On the nutrition side, again, no surprises here. A well-balanced diet is crucial for sustaining energy levels during extended skiing sessions. Generally speaking, eating foods rich in carbohydrates, proteins and essential nutrients supports muscle recovery and overall stamina. But as Sawback’s Wolfe points out, “Nutrition is highly personal. It’s important to keep a steady flow of energy. You need to figure out what’s best for you.”

Part of that energy flow comes from proper hydration (and no, we’re not talking about the Après ski scene). The cold mountain air and physical exertion can lead to increased fluid loss, especially if you’re skiing or riding at a higher altitude. You may not feel as thirsty but take our word for it: you are. Drink plenty of fluids.


Understanding and Adhering to Safety Guidelines

Depending on where you’re skiing or riding, it’s always a good idea to stay informed about safety guidelines and weather and snow conditions, no matter how familiar you are with the area. Ski resorts have specific rules and regulations designed to promote a safe experience for all visitors. Knowing guidelines for trail difficulty ratings, trail closures, designated areas for specific types of skiing and snowboarding such as terrain park skiing, and rules regarding speed and overtaking, is essential for preventing accidents. As they say, know the code.


A smiling woman in yellow and red clothing skis on a steep slope in the high mountains on a sunny day.


If you’re in the backcountry or skiing with a guide, adherence to safety guidelines can be the difference between a safe run and serious injury or even death. The backcountry is an uncontrolled environment, rife with dangers like crevasses, cliffs, tree wells, and the omnipresent threat of avalanches. Websites like avalanche.org or others listed here depending on where you’re skiing are essential information stops before heading out.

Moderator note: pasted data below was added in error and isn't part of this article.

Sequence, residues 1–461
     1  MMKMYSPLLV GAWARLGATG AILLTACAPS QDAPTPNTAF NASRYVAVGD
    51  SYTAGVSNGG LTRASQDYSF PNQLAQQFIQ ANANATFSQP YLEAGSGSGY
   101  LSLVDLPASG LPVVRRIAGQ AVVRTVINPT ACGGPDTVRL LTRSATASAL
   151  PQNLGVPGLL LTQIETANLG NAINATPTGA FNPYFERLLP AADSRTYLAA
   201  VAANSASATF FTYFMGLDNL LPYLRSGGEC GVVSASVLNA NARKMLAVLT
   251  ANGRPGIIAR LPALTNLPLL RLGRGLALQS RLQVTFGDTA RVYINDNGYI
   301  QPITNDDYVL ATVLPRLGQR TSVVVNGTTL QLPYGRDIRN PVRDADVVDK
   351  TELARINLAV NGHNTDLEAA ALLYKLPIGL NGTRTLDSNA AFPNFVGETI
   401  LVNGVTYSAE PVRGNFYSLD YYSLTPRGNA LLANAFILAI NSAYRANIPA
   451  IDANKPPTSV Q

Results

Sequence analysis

International Travel Planning

For those with their eyes set on an international destination, here are some key considerations for travel during the ski season:

Research and Choose the Right Destination – Booking an international trip must be done well in advance, but you can still use current conditions and other information to make a more informed decision about whether to go or not. When researching ski resorts, consider factors such as terrain, weather conditions, and the availability of amenities and other things to do in case the snow isn’t great. Just like at home, not all international ski areas are the same. If you’re taking your young family on a ski trip, for example, you’d want to avoid the fearsome terrain of La Grave, France, and instead consider a resort that would make everyone happy, like Courmayeur, Italy, or Avoriaz, France.